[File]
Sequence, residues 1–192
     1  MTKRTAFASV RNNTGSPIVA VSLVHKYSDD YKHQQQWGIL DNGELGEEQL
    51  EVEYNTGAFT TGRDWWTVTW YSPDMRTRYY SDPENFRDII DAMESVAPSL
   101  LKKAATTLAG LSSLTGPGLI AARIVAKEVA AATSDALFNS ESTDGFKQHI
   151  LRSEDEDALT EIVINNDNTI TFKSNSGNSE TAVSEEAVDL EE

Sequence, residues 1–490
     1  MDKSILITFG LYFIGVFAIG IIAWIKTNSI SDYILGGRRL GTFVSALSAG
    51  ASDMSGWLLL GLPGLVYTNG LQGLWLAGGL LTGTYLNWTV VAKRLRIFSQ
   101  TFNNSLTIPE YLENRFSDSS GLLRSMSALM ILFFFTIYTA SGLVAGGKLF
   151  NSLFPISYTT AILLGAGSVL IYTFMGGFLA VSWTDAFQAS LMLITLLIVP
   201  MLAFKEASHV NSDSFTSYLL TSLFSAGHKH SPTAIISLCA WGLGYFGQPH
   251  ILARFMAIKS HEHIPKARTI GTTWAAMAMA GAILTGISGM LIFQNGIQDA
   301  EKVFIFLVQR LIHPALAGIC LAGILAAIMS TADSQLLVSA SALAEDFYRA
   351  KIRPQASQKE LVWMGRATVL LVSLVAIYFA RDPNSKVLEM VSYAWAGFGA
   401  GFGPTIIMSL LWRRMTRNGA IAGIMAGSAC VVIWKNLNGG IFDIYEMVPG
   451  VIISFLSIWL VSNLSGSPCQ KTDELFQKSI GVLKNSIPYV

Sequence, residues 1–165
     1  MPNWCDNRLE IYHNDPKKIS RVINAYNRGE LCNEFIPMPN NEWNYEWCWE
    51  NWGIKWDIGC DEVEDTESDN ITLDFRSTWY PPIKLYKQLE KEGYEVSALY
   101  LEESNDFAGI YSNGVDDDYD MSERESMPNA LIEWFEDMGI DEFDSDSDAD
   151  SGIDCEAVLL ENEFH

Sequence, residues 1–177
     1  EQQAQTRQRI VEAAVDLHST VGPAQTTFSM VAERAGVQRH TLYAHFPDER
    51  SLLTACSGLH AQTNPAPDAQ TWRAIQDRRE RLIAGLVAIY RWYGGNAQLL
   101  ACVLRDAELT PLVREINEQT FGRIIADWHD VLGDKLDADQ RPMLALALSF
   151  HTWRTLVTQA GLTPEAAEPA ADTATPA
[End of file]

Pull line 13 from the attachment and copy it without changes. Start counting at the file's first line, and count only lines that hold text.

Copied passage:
   301  EKVFIFLVQR LIHPALAGIC LAGILAAIMS TADSQLLVSA SALAEDFYRA